Why #GIRLWITHABOOK Matters

Recently, a friend and supporter of #GIRLWITHABOOK reminded me that although National Geographic is known for spectacular nature and wildlife photography, its most famous image is a portrait of a 12-year-old Afghan refugee girl named Sharbat Gula. Her photograph was taken at a refugee camp at the Afghanistan-Pakistan border. The photographer was Steve McCurry and he found her sitting in a tent, which served as a girls’ school.

Like millions of people, this portrait captured my heart almost the moment I first saw it. And now every time I look at it, I think of the mere 12% literacy rate for girls in Pakistan, I think of the 200,000 women in South Africa who are victims of violence every year, I think of the countless women in the US who are raped on college campuses.

This photograph reminds of girls and women who are denied their rights to this day. But it also reminds me of their courage and determination to be more than a statistic.

afghangirl

For those who have been following this blog for awhile, you know all about the #GIRLWITHABOOK project that Olivia and I started two years ago. And now I have some updates regarding that. Last month, we applied for a National Geographic contest called Expedition Granted for the chance to win $50,000 to go and do any sort of project that we have always dreamed of.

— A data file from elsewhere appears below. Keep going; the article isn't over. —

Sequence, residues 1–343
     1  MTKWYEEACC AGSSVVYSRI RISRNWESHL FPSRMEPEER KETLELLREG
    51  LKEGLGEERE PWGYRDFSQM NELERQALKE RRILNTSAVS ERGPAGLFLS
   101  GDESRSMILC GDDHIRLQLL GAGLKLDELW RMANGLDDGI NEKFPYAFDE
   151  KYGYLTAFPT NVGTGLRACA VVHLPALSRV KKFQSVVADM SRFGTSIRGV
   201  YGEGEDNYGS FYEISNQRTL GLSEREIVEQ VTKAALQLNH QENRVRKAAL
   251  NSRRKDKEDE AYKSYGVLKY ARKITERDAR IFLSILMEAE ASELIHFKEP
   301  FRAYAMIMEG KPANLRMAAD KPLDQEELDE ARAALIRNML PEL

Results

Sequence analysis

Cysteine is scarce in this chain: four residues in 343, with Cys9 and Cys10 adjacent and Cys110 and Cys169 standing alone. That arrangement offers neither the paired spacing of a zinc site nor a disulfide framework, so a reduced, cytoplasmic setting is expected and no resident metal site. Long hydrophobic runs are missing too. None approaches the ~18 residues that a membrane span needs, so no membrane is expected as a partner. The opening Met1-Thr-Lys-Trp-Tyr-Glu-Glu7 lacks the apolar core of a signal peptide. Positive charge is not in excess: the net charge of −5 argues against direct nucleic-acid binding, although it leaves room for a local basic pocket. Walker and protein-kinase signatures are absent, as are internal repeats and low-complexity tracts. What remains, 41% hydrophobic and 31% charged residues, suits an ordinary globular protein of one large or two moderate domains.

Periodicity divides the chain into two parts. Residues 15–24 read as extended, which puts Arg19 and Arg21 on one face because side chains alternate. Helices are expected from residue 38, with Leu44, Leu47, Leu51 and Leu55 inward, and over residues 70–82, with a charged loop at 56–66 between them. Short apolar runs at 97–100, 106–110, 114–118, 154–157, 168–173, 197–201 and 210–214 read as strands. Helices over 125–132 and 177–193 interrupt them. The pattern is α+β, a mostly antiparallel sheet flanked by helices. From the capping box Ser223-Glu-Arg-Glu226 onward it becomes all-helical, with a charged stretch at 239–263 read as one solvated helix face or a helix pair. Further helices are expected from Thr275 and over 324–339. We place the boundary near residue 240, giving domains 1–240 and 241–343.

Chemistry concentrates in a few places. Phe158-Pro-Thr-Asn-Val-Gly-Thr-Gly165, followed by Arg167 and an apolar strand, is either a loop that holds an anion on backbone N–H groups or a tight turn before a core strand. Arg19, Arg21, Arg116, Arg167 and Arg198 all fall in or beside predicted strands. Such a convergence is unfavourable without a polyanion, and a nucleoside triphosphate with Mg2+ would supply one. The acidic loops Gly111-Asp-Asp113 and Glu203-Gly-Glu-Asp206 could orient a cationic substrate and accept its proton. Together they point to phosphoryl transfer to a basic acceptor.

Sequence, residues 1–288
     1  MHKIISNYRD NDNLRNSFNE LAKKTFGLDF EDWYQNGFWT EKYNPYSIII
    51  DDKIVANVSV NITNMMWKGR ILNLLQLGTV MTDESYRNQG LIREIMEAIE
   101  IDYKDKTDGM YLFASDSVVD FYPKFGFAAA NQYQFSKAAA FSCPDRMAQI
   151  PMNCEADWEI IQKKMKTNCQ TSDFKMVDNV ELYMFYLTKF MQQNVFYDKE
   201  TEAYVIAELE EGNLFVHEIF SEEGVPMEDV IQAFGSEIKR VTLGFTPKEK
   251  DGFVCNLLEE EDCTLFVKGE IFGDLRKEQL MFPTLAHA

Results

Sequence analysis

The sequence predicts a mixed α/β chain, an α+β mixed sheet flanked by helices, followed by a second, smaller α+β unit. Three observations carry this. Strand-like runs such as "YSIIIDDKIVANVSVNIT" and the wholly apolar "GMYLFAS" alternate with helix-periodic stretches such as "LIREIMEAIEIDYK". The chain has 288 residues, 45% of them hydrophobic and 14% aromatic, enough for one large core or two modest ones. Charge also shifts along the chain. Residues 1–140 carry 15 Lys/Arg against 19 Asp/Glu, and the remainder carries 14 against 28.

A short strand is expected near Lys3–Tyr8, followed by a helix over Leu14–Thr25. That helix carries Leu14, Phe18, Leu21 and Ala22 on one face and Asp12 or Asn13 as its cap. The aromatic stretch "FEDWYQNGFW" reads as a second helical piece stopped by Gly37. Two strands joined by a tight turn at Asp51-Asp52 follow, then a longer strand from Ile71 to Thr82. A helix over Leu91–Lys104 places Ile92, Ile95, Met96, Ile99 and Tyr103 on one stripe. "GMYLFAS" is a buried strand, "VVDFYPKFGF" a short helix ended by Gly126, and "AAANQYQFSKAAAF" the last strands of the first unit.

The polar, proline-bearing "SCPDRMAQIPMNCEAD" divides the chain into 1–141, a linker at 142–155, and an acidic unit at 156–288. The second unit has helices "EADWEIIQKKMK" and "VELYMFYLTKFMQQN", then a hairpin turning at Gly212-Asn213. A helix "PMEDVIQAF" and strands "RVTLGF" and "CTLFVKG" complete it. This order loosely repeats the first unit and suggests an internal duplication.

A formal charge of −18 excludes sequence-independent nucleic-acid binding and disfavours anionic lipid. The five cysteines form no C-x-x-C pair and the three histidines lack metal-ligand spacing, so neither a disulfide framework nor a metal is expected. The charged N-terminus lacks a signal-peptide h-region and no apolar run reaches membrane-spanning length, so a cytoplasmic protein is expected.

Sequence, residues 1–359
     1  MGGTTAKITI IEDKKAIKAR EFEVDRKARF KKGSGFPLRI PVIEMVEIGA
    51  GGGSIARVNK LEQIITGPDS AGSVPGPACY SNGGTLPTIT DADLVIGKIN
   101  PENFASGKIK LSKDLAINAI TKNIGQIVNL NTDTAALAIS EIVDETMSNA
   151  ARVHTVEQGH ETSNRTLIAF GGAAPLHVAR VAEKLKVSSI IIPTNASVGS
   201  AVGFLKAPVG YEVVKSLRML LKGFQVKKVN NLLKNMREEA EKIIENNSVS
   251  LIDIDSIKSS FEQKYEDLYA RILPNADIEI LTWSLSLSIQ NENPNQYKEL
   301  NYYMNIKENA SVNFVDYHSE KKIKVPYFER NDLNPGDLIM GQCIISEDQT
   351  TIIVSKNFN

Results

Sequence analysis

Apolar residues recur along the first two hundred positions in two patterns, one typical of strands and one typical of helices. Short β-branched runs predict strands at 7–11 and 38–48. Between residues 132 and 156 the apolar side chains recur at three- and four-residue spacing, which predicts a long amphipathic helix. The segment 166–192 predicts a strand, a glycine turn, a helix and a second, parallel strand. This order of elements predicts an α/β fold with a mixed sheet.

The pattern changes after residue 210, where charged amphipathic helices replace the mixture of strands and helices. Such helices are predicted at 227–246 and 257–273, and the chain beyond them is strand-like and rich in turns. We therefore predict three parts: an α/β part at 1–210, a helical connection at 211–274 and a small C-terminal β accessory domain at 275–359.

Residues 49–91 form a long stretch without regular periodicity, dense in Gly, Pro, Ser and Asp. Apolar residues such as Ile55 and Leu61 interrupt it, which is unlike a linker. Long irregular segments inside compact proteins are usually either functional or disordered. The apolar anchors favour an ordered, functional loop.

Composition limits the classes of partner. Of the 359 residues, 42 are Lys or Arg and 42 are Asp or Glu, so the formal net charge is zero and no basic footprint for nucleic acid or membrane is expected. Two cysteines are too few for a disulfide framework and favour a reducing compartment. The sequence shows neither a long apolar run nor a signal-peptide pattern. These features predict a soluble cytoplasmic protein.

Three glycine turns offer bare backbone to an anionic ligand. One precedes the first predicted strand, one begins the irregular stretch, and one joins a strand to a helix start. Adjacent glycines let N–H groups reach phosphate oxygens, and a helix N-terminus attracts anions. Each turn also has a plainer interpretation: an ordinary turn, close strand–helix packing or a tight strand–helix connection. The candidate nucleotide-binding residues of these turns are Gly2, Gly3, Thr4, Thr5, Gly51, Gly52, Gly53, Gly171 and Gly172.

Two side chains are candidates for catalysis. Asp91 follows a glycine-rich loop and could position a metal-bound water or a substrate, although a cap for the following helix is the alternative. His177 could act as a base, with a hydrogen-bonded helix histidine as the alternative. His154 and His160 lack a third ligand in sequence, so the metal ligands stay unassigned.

Our expedition idea: Take #GIRLWITHABOOK to 12 countries in 12 months in order to highlight different individuals and organizations who are doing incredible work for girls’ education. This would mean filming interviews, taking photographs, and keeping our supporters updated through our social media channels on what we discover on the status of girls’ and women’s rights in those countries.

Our tentative list of countries includes: Egypt, Guatemala, Iceland, India, Jordan, Kyrgyzstan, Nepal, Nigeria, Pakistan, Peru, South Africa, and Yemen.

Here’s the exciting part. National Geographic picked our project as a finalist out of approximately 700 projects! And now it’s up to us to get as many votes as we can.

So since today is the last day to vote, I thought I would lay out some facts as to why #GIRLWITHABOOK, and ultimately girls’ education, matters.

Olivia1

Jen

Screen Shot 2014-09-28 at 9.45.37 PM

Olivia2

Jen2

Screen Shot 2014-09-28 at 9.46.00 PM

It’s been thirty years since the portrait of Sharbat Gula was published in National Geographic’s June 1984 issue, and today there are 32 million girls who cannot even attend schools set up in tents. This is why education matters for girls and women. This is why I want our expedition to become a reality. This is why I’m still doing this project, two years after a terrorist tried to kill Malala Yousafzai. This is why #GIRLWITHABOOK matters. 

Stand with us and VOTE for our expedition:  http://expeditiongranted.nationalgeographic.com/project/girlwithabook/

Advertisements

#MalalaDay and #GIRLWITHABOOK

MalalaDay